Alternating use of the original method of internal drill cooling with manual external cooling, one IMZ implant was placed in the diaphysis (compact bone) and metaphysis (spongy bone) of the left distal tibia in each of six sheep. After polyfluorochrome sequential labeling, two animals survived for 4, 8, and 16 weeks without functional loading of the implants. The drill holes and bone-implant reactions were evaluated in undecalcified ground sections and microradiographs, using computer-aided histomorphometry. At least 30% of all drill holes were incongruent, but up to 25% of the implant surfaces had primary bone contacts. Four weeks after implantation, distinct differences in the bone reactions could be determined between the experimental conditions. After both cooling methods, osteoclastic resorption had extended up to 0.5 mm into peri-implant compact bone and up to 0.18 mm into spongy bone. Based on the percentage of newly formed bone-to-implant contacts, external cooling proved superior at all superficial drill hole levels in compact bone and in all spongy bone beds, while internal cooling was only better at the deeper drill hole levels in compact bone. After 8 and 16 weeks, peri-implant bone remodeling led to further increased new bone-implant contacts, irrespective of incongruent drill holes or cooling methods. At all time periods, abraded titanium particles were observed within interfacial foreign body cells. Conclusions are: (1) additional external cooling seems beneficial for any internal cooling, particularly in compact bone; (2) spongy bone apparently tolerates drilling heat better and reacts with more and earlier new bone formation; (3) the IMZ drill set cannot guarantee a congruent drill hole; (4) the titanium plasma-sprayed coating is endangered by mechanical abrasion.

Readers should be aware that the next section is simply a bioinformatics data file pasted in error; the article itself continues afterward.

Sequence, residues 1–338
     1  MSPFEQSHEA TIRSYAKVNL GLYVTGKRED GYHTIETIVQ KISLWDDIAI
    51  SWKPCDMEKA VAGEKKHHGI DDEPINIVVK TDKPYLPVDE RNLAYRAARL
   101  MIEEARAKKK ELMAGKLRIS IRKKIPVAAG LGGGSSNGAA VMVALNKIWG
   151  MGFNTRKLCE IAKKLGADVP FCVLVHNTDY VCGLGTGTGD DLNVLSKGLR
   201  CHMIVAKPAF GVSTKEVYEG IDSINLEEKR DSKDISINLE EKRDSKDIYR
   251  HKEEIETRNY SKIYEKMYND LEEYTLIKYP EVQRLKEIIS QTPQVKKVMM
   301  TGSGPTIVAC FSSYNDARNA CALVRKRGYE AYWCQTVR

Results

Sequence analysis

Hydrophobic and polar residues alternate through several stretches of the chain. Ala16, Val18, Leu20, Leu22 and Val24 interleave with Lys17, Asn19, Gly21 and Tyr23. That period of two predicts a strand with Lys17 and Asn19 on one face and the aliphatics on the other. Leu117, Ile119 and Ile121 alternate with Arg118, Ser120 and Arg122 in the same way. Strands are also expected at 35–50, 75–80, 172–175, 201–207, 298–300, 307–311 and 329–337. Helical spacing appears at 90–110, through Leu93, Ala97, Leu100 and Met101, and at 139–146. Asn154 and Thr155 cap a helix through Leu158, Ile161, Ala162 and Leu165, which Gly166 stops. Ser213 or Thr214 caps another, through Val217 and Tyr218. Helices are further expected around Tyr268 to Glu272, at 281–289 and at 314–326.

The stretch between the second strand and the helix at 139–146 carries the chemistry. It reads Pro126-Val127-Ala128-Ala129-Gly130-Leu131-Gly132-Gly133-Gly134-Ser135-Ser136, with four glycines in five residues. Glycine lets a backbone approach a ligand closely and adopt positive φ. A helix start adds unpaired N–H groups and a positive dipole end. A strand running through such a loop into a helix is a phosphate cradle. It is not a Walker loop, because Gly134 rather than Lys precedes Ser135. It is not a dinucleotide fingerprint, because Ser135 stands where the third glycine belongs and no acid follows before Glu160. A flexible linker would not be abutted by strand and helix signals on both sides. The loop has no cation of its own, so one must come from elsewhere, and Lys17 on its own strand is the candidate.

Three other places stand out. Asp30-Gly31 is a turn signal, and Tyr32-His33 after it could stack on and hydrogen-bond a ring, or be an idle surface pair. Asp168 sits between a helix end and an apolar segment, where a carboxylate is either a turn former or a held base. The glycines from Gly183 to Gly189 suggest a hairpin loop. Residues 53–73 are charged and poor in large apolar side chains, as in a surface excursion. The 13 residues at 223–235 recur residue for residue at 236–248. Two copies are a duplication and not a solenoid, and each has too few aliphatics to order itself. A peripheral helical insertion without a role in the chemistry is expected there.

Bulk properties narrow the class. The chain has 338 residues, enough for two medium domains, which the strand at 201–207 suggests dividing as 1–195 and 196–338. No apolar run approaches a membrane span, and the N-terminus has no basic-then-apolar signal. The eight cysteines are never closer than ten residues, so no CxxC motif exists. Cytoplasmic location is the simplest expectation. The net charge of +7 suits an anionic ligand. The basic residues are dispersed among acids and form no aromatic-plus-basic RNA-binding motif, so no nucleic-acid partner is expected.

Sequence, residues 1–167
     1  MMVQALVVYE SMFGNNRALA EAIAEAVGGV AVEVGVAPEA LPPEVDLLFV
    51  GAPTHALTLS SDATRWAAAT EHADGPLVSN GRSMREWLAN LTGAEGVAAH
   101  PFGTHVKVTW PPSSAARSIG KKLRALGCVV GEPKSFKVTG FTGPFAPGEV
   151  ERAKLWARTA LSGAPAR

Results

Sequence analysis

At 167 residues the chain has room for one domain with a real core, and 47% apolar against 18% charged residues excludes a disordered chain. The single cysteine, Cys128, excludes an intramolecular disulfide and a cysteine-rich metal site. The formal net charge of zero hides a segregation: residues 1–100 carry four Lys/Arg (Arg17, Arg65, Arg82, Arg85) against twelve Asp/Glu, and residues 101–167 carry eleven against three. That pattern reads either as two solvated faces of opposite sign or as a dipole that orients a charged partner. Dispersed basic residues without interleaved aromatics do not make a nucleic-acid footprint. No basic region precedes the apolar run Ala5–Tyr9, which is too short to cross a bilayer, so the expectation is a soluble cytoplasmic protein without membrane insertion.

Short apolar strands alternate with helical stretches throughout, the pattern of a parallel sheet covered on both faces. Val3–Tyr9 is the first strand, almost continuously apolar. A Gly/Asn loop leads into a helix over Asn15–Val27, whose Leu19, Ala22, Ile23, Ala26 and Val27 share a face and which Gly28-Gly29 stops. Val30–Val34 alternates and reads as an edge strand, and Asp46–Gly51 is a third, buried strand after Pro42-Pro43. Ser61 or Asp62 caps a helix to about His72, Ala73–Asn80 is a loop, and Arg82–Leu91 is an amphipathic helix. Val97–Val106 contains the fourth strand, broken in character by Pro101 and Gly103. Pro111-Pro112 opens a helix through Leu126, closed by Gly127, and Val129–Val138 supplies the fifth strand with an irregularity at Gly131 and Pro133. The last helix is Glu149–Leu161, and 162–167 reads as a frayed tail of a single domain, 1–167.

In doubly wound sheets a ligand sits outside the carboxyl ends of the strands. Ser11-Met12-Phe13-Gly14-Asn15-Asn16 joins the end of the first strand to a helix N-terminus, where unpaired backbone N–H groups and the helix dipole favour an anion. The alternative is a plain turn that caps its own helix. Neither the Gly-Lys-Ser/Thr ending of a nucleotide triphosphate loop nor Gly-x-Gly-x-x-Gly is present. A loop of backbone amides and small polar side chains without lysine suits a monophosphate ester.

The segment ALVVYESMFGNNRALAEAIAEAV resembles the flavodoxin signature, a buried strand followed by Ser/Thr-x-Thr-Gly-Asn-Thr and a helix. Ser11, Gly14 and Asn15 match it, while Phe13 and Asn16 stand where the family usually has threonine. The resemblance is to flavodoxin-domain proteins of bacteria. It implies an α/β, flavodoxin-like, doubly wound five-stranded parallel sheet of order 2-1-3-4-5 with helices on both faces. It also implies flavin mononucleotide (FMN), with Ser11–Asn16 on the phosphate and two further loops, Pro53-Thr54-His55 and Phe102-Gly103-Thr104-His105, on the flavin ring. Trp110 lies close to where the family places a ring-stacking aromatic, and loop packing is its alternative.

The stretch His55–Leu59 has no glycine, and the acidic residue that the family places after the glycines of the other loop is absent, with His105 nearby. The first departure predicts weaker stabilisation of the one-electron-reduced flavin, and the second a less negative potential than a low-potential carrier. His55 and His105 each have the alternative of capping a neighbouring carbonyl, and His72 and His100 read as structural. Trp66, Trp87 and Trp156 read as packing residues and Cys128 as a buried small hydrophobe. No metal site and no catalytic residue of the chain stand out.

Keywords: bone structure, drill cooling, endosseous implant, histomorphometry